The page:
I was driving down Highway One tonight in a delightful, blissed out, open heart, giddy, love-for-humanity place. I saw a bumpersticker on the car in front of me – something demanding-sounding that I don’t remember – and I had a sudden little fantasy: what if every car in the world had only bumper stickers that were kind, loving reminders? Stickers everywhere that said things like “Receive.” or “Enjoy.” or “Thank you.”
Maybe I’ll start a business.
This reminded me of all the little wisdoms and reassurances I’ve been writing for myself every morning, which reminded me of a list of “good parent messages” that my friend Linda dictated to me over a glass of Pinot at the Big Sur Bakery the other day. I know this list is part of some probably copyrighted teaching I should credit**. Someone, presumably with a psycho-something background, created this list – a conglomeration of the primary messages we (ideally) should have received (but almost none of us did) as kids. The list is intended to be something practiced and spoken by the internalized parent we all now carry around in us.
For some reason tonight, sitting in the middle of my spontaneous compassion for all of us and our foibles and perfections, I want more than anything for me and you (yes, you) and the whole wide wounded world to hear and receive and know each of these things. Unflinchingly and in your bones.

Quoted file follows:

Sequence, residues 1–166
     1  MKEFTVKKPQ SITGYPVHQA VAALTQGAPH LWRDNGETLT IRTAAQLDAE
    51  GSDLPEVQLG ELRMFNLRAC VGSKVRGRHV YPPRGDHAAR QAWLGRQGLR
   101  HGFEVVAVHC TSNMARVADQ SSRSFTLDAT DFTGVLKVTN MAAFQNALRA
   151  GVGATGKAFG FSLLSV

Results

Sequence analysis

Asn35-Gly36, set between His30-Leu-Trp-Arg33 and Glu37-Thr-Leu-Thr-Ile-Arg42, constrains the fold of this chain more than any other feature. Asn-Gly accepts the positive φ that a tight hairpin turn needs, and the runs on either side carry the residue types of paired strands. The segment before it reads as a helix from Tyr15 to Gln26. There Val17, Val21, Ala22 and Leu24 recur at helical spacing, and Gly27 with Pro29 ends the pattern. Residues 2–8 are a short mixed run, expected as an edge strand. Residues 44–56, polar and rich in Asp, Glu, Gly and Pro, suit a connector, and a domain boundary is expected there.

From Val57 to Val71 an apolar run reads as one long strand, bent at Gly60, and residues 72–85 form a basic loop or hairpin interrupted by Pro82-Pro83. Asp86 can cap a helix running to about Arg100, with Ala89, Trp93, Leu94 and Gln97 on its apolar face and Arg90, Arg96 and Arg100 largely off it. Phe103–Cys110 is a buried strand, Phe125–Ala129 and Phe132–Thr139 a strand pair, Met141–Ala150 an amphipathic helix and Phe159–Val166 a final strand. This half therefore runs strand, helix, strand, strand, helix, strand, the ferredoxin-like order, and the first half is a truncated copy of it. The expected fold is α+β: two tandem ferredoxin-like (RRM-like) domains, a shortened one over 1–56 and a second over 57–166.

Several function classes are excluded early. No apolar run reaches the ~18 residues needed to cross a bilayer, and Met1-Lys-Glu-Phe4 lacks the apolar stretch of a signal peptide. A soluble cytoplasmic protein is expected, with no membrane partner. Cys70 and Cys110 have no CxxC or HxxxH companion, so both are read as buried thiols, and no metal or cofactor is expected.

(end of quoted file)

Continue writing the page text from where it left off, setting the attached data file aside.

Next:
I love you.
I want you.
You are special to me.
I see you and hear you.
I love you and I give you permission to be different from me.
It’s not what you do but who you are that I love.
I’ll take care of you.
I’ll be there for you.
I’ll be there for you even when you die.
You don’t have to be alone anymore.
You don’t have to be afraid anymore.
You can trust me.
Sometimes I will tell you no and that’s because I love you.
My love will make you well.
I welcome and cherish your love.
(you might want to read it again.
Can you imagine what a world it would be if we all knew these things?
As Linda said to me, on the dark days, reciting this list can have the miraculous effect of actually feeling like someone else is speaking it – that “it’s like drops of water on a wilting flower.” I love that.
**Since posting this, I have since learned that credit goes to Jack Rosenberg and Beverly Morse. (Thanks!)